The six most dangerous infosec attacks – Hackers – SC Magazine Australia – Secure Business Intelligence

The six most dangerous infosec attacks – Hackers – SC Magazine Australia – Secure Business Intelligence.

SC Magazine Autralia summarized Ed Skoudis’s and Joannes Ullrich’s RSA presentation on the six most dangerous IT Security threats of 2011 and what to expect in the year ahead. They are:

  1. DNS as command-and-control
  2. SSL slapped down
  3. Mobile malware as a network infection vector
  4. Hacktivism is back
  5. SCADA at home
  6. Cloud Security
Additional trends:
  • IPv6
  • Oldies
  • Social Networking
  • Malware
  • DNSSEC
The reference to the Malware item above is that blacklisting is a losing proposition and organizations need to move to whitelisting. IMHO, this especially true for establishing positive network control at the application level.

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Anonymous, Decentralized and Uncensored File-Sharing is Booming | TorrentFreak

Anonymous, Decentralized and Uncensored File-Sharing is Booming | TorrentFreak.

Despite efforts to curb file-sharing, it’s booming. New file-sharing apps have been developed that are harder for enterprises to control.

The file-sharing landscape is slowly adjusting in response to the continued push for more anti-piracy tools, the final Pirate Bay verdict, and the raids and arrests in the Megaupload case. Faced with uncertainty and drastic changes at file-sharing sites, many users are searching for secure, private and uncensored file-sharing clients. Despite the image its name suggests, RetroShare is one such future-proof client.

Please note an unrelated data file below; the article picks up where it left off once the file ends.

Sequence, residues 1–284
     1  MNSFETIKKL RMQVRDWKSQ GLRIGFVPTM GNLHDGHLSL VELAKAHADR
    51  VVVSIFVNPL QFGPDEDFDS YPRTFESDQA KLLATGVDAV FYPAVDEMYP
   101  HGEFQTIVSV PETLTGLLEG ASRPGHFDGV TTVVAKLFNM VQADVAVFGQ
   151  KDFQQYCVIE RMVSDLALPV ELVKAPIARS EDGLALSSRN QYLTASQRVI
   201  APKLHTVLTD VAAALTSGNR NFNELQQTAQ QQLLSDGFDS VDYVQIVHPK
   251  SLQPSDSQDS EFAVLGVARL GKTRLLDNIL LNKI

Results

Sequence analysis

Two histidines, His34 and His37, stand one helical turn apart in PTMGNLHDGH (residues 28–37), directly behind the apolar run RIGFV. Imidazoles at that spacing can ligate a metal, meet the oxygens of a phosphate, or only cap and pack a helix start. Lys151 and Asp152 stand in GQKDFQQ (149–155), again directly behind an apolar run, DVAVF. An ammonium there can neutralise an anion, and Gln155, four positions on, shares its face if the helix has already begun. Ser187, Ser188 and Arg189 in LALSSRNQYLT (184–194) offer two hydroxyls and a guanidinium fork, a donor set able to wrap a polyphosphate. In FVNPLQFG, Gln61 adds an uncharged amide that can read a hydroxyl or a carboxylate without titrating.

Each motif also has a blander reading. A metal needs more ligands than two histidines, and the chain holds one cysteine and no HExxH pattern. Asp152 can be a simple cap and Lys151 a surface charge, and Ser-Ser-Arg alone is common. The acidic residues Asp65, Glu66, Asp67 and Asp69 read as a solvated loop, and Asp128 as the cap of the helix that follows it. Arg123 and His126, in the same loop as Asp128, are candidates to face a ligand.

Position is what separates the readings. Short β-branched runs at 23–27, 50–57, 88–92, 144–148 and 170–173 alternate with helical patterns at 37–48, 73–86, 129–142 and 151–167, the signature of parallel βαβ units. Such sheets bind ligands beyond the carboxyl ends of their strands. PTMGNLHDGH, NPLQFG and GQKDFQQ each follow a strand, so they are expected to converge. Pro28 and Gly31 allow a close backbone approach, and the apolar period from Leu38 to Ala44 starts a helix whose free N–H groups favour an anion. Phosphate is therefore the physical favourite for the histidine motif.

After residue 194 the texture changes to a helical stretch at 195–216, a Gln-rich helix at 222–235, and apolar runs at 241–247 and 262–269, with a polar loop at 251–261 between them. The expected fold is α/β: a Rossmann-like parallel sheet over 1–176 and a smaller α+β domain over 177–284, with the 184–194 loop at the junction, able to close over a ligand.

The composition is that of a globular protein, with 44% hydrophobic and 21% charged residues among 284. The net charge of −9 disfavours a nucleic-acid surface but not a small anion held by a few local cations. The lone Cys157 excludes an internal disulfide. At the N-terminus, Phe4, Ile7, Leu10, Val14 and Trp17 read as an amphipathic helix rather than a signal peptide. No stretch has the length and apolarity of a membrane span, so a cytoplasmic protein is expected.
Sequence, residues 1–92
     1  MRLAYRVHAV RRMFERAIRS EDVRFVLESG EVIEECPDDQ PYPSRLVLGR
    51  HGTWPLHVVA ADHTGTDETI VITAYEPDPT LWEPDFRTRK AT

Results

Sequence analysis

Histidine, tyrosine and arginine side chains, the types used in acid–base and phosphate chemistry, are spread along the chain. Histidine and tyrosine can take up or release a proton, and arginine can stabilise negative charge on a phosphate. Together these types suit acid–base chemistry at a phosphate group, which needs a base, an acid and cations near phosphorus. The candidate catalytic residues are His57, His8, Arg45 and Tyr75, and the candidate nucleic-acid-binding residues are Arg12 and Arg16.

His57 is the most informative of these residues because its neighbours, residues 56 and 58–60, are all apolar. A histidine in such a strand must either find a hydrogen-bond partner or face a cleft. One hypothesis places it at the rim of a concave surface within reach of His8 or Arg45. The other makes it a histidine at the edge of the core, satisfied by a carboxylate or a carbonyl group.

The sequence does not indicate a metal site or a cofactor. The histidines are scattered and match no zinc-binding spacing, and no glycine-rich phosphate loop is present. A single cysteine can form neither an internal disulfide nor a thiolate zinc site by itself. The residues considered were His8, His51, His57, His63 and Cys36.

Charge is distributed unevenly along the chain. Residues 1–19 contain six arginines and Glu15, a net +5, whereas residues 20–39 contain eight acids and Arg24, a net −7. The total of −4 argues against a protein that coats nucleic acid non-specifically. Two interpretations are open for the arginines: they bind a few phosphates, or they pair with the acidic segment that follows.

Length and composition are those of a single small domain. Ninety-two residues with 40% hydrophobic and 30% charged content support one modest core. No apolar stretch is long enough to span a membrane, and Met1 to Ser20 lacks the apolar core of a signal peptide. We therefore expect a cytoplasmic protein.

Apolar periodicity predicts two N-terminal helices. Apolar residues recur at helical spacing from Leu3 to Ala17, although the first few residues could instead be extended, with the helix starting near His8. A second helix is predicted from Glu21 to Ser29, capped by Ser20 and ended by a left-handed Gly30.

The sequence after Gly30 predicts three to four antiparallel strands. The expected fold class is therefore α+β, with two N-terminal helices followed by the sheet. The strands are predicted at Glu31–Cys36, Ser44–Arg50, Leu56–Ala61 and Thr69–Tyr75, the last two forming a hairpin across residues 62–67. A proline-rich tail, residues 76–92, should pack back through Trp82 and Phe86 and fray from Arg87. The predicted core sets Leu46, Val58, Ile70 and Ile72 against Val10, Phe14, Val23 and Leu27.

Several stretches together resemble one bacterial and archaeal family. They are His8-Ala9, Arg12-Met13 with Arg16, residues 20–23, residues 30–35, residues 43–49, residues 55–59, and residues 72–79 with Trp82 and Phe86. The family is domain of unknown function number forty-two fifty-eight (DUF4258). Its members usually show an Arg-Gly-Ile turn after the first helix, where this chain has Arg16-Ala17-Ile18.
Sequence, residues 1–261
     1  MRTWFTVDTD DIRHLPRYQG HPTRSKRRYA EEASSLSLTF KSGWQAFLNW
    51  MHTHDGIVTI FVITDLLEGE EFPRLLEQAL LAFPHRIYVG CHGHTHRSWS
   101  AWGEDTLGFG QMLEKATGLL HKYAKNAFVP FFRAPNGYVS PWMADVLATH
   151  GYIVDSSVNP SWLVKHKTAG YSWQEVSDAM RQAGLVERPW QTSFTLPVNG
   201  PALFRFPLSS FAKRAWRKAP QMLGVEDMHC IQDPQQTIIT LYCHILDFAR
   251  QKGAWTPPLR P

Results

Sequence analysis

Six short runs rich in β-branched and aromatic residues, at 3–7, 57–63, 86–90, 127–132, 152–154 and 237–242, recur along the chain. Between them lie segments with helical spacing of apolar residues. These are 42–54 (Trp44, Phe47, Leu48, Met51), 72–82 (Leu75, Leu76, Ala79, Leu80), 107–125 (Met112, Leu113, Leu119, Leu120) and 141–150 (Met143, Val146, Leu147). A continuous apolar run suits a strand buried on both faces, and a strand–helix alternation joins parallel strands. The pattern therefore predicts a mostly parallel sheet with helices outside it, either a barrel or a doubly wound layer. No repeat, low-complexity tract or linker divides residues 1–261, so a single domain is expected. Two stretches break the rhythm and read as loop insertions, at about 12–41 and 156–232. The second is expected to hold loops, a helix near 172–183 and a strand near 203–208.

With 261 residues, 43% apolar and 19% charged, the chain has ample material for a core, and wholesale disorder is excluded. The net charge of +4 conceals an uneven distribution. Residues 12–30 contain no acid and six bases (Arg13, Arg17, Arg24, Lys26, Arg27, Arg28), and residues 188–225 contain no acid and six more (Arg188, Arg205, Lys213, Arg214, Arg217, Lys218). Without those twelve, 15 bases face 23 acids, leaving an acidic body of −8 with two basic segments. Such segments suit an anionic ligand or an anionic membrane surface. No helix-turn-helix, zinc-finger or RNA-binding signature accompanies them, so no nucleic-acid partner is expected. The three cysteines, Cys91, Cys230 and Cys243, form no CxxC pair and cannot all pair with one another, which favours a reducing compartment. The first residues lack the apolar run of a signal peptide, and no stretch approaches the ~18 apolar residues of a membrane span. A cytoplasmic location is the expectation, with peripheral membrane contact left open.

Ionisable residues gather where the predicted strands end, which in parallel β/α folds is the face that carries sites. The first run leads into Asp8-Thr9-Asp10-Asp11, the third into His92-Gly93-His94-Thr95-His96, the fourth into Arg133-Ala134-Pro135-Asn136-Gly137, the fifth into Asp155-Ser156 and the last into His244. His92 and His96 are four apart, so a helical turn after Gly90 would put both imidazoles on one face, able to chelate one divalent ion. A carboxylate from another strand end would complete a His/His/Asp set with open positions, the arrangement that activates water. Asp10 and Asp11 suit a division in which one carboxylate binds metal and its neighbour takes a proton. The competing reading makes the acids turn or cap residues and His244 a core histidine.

If your Next Generation Firewall uses a Positive Control Model and monitors all 65,535 ports all the time you do not have to worry about these new file-sharing products because they will be blocked as unknown applications. Of course, before you go into production, you must investigate all of the unknown apps to assure that all business-required apps are identified, defined, and allowed by policy.

Modern Malware for Dummies

Modern malware has transformed into highly sophisticated network applications and has, in the process, changed the world of enterprise security and how networks are attacked.  These threats are experts at remaining hidden from traditional security while exhibiting an intelligence, resiliency, and scale that has never before been seen in malware.

“Modern Malware for Dummies,” by Lawrence C. Miller, provides an in-depth examination of real-world attacks and modern malware threats, the shortcomings of legacy security solutions, the capabilities of next-generation firewalls, and security best practices.

If you would like a copy of this book, please fill out the form on the right side of this page.

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NetFlow Security Monitoring for Dummmies

Network flow analysis is a critical Detection Control in a Zero Trust based Defense-in-Depth Architecture. This book takes you through the basics of NetFlow analysis for information security purposes — what NetFlow is, how it works, and how you can enable it to yield actionable security intelligence. It also provides some detail on the specific security risks addressed by NetFlow analysis and provides best practices for conducting NetFlow collection and analysis.

If you would like a copy of this book, please fill out the form on the right side of this page.

Links to Explore